Voting largely along party lines, the Senate voted Thursday to reject a proposal that would allow employers to opt out of providing coverage for medical services such as contraception based on religious or moral objections.
The Senate voted 51 to 48 to table the amendment, offered by Sen. Roy Blunt, R- Mo., with Democrats largely voting against the proposal.
Sen. Olympia Snowe, R-Maine, who recently announced that she will not seek re-election, was the only Republican to vote against the proposal.
Meanwhile, Democratic Sens. Ben Nelson, D-Neb., Bob Casey, D-Penn., and Joe Manchin, D-W.V., voted for the amendment along with most Republicans.
The offering of the amendment stemmed from a mandate under the healthcare reform law that requires employers to provide women with access to contraceptive services.
While President Barack Obama offered a compromise that would allow religious institutions opposed to the use of contraception to avoid directly paying for the services, Republicans claimed that it was still a violation of religious freedoms.
Democrats, on the other hand, claimed that employers could use the amendment to deny woman access to contraceptive services and potentially deny access to other services such as child immunizations, flu shots, mammograms and prenatal care.
Senate Majority Leader Harry Reid, D-Nev., said, "Today's vote showed us a great deal about where Republicans' priorities lie. Instead of working with Democrats to create jobs, Republicans are trying to deny women access to health care services like contraception."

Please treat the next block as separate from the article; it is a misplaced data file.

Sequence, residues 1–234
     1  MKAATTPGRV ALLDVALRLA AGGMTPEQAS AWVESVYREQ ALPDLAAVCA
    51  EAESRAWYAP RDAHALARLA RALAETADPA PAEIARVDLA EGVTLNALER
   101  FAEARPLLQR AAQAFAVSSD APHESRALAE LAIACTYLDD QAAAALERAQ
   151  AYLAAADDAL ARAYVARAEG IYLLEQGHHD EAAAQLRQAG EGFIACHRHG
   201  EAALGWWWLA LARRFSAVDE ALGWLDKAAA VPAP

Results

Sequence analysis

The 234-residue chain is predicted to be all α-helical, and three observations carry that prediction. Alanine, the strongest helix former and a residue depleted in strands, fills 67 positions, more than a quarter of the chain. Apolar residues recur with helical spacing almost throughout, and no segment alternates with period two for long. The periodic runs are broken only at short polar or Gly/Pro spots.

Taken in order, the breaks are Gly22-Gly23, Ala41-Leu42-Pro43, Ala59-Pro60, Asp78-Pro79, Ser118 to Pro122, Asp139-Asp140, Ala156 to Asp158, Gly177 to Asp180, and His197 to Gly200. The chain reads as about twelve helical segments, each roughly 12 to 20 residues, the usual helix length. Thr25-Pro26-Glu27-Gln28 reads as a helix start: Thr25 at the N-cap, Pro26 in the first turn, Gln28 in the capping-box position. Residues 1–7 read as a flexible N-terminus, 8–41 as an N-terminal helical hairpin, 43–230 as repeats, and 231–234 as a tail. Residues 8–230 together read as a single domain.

"Democrats are trying to move forward with a bill that would create or save nearly two million American jobs," he added. "But at the urging of the Tea Party, Republicans are obstructing this jobs bill with unrelated amendments like the one we defeated today."
Meanwhile, Blunt expressed disappointment with the outcome of the vote, claiming that it upholds the Obama Administration's violation of the First Amendment rights of all Americans.
"The fact remains that this provision would simply preserve the fundamental religious freedom that we enjoy today," Blunt said.
He added, "Unfortunately, this is only a glimpse of what Americans can expect as a result of President Obama's government health care takeover - which is why we need to repeal and replace this bill with common-sense bipartisan solutions."
With the narrow vote against the amendment, the controversy over contraception coverage is likely to remain an issue leading up to the elections later this year.
by RTT Staff Writer
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